Ontario’s rapidly changing climate will increase the likelihood of flooding, extreme heat and weather events, and power outages in coming decades and the province needs to focus on adaptation measures now to address these and other potential issues.
That is the focus of a new report released by the Ontario Environment Industry Association (ONEIA), the group representing the province’s environment and cleantech companies. The report titled, Resilient Infrastructure, Resilient Economy, Resilient Future: Exploring Ontario’s Climate Vulnerability and the Case for Resilience, was written by a range of senior experts and thinkers on the front lines of addressing the disruption that climate change will cause.
“Reducing greenhouse gases (GHGs) is important and we need to keep doing that,” said Alex Gill, executive director of ONEIA, “but we urgently need to focus on practical measures to protect our infrastructure and communities from the climate-related disruptions we know are coming. Severe weather events are going to happen no matter what we do, and we need to act now.”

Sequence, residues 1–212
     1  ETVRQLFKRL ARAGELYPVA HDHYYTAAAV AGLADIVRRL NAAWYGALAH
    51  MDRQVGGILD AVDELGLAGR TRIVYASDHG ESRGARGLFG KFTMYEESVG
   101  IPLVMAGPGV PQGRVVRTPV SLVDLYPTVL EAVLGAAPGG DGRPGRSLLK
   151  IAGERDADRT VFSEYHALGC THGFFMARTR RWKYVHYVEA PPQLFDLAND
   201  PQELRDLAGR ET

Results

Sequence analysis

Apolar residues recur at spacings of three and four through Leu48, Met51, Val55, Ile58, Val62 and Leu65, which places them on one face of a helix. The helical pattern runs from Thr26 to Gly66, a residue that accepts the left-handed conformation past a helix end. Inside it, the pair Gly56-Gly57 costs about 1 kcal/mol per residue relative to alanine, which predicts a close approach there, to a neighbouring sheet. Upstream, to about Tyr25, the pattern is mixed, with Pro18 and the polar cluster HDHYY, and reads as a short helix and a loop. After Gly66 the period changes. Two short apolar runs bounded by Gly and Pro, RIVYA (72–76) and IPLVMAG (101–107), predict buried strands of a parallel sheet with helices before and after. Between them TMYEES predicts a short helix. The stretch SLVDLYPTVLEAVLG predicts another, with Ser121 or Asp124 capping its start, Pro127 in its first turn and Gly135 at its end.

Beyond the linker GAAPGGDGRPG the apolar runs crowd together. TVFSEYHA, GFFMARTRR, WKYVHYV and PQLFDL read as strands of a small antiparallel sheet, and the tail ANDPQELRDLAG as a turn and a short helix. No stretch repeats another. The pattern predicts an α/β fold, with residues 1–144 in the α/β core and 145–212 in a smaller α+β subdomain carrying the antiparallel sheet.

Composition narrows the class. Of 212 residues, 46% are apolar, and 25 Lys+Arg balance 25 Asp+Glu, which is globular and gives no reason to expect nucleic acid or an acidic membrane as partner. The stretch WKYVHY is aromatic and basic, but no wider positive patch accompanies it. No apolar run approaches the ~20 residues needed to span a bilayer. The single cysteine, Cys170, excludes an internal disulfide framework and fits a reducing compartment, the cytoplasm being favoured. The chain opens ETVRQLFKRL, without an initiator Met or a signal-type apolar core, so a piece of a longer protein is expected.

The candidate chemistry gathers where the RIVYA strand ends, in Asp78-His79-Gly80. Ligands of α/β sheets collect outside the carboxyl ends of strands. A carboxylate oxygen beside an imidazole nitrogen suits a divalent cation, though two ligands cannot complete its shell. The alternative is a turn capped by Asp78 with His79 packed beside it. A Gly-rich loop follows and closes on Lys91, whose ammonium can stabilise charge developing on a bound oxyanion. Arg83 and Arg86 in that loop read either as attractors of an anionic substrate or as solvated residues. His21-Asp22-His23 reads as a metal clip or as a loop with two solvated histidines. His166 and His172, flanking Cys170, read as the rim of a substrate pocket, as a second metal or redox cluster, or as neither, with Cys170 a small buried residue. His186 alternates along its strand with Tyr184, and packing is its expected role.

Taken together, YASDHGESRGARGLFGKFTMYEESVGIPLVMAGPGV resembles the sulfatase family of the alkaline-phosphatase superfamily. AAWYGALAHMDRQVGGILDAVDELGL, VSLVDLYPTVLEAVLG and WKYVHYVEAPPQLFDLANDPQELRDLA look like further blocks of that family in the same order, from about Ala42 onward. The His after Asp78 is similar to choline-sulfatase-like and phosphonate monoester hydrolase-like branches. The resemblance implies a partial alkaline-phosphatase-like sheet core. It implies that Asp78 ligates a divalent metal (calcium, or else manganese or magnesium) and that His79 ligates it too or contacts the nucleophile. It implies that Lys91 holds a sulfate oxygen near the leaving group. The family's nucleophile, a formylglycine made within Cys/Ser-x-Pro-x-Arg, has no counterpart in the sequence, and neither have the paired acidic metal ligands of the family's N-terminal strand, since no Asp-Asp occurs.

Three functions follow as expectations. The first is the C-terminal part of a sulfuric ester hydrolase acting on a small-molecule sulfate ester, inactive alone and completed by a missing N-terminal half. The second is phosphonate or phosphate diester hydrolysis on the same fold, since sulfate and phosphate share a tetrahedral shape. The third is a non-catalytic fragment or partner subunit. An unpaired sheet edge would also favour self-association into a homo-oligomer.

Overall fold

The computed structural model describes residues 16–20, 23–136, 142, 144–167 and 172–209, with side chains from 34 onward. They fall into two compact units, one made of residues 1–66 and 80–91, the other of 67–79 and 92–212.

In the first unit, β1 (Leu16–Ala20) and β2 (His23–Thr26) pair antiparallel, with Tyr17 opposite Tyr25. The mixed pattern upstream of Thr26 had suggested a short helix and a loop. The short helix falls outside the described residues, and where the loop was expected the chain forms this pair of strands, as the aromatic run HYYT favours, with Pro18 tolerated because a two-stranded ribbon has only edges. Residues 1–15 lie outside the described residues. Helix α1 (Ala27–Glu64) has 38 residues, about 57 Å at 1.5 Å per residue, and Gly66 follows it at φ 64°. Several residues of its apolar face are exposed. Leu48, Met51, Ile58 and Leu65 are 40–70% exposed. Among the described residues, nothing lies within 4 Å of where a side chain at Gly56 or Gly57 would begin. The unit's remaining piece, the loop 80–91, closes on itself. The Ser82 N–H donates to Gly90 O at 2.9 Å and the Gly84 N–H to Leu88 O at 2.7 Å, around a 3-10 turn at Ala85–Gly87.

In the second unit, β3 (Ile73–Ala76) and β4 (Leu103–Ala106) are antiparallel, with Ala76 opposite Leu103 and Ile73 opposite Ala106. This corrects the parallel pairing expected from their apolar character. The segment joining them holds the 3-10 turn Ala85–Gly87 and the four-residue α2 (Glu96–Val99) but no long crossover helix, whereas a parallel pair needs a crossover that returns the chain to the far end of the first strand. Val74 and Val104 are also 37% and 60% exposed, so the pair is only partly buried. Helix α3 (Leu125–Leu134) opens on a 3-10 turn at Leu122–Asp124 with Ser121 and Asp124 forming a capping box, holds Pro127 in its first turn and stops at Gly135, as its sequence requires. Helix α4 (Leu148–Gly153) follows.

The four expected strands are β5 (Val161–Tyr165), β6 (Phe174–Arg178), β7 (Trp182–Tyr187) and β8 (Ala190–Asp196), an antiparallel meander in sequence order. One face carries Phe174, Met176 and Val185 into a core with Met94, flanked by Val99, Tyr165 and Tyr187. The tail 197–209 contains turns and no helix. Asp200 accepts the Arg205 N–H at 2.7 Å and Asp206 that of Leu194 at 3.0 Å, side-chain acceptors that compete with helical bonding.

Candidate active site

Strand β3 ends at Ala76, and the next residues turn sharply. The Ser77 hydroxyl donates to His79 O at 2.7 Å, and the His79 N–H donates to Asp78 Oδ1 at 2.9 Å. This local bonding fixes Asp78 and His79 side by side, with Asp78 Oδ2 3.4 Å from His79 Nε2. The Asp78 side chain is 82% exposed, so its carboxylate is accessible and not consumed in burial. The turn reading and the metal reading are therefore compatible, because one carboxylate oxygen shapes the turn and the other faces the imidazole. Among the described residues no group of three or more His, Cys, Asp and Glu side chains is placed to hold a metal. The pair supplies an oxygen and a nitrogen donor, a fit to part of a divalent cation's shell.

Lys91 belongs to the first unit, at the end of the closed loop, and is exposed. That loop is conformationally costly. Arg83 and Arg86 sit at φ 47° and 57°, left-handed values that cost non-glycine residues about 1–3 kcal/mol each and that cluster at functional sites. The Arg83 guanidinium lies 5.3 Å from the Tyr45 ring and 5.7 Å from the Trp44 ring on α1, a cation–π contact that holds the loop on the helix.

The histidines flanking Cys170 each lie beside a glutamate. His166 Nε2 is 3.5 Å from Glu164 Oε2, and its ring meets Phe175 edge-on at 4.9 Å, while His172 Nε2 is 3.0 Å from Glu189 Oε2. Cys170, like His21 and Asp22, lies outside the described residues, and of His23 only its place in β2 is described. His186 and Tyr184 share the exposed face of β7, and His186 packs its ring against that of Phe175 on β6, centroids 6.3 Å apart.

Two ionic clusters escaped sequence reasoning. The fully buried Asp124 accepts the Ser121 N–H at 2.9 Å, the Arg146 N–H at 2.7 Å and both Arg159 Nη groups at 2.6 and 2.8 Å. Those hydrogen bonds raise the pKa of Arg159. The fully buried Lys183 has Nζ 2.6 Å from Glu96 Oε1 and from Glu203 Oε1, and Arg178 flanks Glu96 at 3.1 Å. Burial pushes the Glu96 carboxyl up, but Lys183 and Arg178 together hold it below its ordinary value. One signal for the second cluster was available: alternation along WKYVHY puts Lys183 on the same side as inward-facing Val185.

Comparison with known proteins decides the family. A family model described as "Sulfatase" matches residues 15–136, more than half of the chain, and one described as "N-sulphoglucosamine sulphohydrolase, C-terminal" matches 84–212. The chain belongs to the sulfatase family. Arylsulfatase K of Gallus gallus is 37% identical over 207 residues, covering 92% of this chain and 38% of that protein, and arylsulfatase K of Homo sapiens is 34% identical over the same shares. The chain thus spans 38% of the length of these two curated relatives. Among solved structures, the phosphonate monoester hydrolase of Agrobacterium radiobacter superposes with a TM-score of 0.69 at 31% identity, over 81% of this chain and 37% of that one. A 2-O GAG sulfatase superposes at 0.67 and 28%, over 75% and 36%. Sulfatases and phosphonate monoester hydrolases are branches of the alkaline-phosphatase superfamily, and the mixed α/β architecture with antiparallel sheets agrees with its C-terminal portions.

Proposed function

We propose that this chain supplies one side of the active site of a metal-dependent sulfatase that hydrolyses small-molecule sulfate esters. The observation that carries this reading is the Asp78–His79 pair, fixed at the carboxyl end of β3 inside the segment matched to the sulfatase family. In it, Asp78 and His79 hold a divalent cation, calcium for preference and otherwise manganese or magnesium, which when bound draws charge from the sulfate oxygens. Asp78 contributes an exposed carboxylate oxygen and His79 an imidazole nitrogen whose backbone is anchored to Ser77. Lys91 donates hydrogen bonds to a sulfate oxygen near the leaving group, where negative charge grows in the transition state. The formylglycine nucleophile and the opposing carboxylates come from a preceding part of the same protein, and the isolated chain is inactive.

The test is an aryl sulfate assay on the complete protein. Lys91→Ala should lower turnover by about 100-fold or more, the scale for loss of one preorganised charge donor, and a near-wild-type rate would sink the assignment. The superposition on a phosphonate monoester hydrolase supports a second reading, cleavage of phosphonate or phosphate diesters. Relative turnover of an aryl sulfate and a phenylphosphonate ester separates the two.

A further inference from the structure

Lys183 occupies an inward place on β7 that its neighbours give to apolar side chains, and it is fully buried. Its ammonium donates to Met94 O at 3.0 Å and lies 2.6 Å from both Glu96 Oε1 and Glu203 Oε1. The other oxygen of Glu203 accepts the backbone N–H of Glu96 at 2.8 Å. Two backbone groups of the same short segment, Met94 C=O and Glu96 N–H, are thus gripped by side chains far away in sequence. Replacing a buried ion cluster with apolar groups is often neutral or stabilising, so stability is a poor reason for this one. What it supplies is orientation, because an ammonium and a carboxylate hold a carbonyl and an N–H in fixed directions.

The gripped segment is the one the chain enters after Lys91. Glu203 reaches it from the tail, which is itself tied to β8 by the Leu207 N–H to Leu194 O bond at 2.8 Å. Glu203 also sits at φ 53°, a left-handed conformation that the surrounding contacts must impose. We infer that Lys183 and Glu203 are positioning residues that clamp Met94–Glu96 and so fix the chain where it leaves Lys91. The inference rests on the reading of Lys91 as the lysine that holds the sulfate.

The report was produced by a group of ONEIA members led by Janet Bobechko, a leading climate lawyer at WeirFoulds LLP and Janya Kelly, Ph.D., a climate change specialist with Golder, a member of WSP. The report looked at how the province can prepare for an anticipated increase in the frequency of climate-related disruptions such as extreme heat events, ice storms and unexpected flooding. Making Ontario’s infrastructure more resilient to climate impacts will not only protect people and communities, but it can also encourage made-in-Ontario climate innovations that can then be exported globally.
“We know investing in climate resilient infrastructure provides many potential benefits while reducing or avoiding climate-related disruptions” said Kelly, “the members who contributed to this report used their industry experience to outline practical actions to move Ontario towards a more resilient future.”
“Taking positive urgent action to address climate resilient infrastructure will protect communities and build confidence for investors in Ontario”, added Bobechko. “Environmental Social Governance (ESG) measures are increasingly important for investors. Addressing climate resilience in asset management will continue to drive positive investment decisions in Ontario.”
Featured image: (BC Ministry of Transportation and Infrastructure)